Post-Processing Your Renderings in KeyShot

by | Sep 1, 2021 | 0 comments

Post-processing (editing) a rendering can be useful for many reasons. You may want to tweak the contrast, add some bloom or a vignette, or even change background colors and add frontplates. KeyShot allows you to do that prior to rendering but also after you have rendered your scene, along with creating multiple versions. Let’s have a look.

Emboss and Deboss Labels

With KeyShot 8 or later, you can quickly and easily make post-render edits using the Adjustments panel in the Render window. Once you’ve selected your output options and hit Render, the Render window will open and show the progress of the image that’s currently being processed. At any point during your local render, you can begin making adjustments by selecting the Show Image Style panel icon on the Render window menu.

Remember that although you can make adjustments immediately when the render process starts, you can get a more accurate idea of what adjustments might be needed after the render is complete.

Once the Adjustments panel is open, you’ll notice that the tab looks nearly identical to the Image tab in the KeyShot Project panel. The only notable difference is the lack of Resolution settings since the image has already been rendered at the set resolution.

All settings can be edited the same as in the Image settings. In fact, if you created some Image Styles earlier, you will see them here. With the same settings available post render, post-processing is a natural step in the visual creation pipeline and helps reduce the need to re-render images that don’t have the appearance you prefer.

With the Adjustments panel available post-render, you have options for Basic and Photographic that include image adjustments such as Exposure, Bloom, Vignette, and Chromatic Aberration, as well as the option to Denoise your images and remove fireflies.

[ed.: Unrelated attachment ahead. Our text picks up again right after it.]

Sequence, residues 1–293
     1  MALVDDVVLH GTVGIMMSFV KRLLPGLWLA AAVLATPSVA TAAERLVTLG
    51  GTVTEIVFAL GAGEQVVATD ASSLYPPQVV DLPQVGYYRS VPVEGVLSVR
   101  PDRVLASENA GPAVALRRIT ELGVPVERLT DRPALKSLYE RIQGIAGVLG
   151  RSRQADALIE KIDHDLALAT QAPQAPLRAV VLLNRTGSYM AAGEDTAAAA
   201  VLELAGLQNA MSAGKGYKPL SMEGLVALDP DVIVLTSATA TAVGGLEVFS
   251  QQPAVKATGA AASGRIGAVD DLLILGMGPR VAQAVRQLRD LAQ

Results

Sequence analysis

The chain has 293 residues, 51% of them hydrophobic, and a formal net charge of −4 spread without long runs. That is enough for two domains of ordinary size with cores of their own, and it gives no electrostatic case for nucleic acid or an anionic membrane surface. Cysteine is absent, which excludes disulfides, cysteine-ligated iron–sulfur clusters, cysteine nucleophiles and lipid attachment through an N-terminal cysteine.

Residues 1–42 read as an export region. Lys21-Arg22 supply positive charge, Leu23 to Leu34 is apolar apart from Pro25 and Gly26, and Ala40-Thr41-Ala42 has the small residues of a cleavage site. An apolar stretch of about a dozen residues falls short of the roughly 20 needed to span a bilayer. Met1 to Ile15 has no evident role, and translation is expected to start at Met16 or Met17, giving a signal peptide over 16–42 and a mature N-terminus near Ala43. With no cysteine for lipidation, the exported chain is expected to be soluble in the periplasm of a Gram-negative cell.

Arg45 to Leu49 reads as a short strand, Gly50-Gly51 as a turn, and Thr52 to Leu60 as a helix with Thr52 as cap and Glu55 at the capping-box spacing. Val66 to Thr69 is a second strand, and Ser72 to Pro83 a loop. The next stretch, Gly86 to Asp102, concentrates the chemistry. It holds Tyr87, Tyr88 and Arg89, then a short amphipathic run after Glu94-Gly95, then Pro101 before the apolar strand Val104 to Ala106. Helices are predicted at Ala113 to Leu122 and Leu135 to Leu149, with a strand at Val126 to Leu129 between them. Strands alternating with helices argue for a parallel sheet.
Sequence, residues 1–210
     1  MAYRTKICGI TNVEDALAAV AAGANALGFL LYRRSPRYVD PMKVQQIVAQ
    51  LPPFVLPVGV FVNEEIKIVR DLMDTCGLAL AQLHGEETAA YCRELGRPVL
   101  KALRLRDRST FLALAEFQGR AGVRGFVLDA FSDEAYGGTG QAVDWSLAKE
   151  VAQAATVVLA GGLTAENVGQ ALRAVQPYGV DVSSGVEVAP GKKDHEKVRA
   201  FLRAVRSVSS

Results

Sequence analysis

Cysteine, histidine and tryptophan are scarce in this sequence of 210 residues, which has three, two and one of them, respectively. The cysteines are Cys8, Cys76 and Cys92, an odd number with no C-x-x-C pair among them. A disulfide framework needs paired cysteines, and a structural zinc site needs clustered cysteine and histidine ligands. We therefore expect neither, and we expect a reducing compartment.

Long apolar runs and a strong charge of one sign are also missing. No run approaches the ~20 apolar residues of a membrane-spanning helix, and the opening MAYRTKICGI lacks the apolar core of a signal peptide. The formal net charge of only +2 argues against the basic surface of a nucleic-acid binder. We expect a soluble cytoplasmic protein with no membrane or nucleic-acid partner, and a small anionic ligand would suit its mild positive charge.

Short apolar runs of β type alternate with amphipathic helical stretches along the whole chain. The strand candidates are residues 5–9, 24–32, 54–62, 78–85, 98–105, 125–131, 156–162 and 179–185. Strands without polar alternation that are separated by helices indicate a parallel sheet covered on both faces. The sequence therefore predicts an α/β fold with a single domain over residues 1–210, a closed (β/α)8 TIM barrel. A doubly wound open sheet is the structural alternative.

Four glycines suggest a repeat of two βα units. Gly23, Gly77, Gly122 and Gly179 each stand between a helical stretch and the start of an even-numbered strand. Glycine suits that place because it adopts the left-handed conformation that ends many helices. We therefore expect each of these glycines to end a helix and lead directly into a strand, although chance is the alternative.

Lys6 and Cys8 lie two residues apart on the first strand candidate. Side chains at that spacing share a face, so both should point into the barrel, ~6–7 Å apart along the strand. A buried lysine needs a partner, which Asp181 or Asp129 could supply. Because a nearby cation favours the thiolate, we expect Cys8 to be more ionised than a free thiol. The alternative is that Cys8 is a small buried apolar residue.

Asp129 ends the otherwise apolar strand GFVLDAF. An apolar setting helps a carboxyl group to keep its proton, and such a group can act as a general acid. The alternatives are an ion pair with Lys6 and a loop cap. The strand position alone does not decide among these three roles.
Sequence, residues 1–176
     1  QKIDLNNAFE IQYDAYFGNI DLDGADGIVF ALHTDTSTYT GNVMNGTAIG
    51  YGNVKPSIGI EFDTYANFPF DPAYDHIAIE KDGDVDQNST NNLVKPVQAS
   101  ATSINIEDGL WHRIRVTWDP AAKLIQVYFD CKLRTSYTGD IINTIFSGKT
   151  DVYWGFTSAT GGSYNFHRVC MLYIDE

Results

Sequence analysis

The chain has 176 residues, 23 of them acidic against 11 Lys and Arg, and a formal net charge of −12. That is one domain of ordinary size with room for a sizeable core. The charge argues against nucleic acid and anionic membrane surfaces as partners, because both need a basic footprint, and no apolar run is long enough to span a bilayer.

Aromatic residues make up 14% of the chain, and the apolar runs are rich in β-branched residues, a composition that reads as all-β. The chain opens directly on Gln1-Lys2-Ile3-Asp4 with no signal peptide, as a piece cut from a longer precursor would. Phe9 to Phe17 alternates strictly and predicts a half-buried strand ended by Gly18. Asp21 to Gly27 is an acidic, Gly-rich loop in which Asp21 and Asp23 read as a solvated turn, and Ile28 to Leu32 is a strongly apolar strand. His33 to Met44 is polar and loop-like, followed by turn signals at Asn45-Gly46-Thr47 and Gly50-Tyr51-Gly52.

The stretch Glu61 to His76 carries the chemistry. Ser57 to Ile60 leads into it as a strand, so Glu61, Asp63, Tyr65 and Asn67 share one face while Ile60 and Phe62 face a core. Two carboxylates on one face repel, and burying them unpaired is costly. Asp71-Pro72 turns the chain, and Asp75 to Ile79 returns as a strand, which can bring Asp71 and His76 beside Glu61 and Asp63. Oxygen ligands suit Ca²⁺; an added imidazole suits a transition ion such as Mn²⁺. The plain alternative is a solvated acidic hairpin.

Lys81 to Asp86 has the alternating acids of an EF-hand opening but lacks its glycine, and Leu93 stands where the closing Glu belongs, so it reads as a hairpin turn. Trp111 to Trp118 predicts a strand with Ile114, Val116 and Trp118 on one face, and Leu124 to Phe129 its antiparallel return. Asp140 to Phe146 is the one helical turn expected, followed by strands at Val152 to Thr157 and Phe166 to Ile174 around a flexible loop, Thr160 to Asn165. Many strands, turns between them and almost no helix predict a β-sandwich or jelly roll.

If you use the Photographic option, you gain greater control of your image adjustment parameters, as well as change your background colors and add frontplates, just as you would in the KeyShot Image options.

Once you’ve finished making adjustments and you’re satisfied with the final result, you can save your changes. If you close the window or hit the green checkmark, you will get a prompt to save your changes.

Hopefully, this helps consider the post-processing options in KeyShot. You can learn more about Image Styles in the KeyShot Manual. If you’re interested in trying KeyShot Pro, just visit

What Can You Create?

We would love to see what you create with this tip. Visit the KeyShot Amazing Shots forum to see what others are creating and share your own work. And if you have a suggestion for another tip share it in the comments below.

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Written By KeyShot

The KeyShot crew fills you in with the latest KeyShot tips and tricks, insight into 3D rendering technology and the people creating the coolest visuals across the engineering, product design and entertainment industries.


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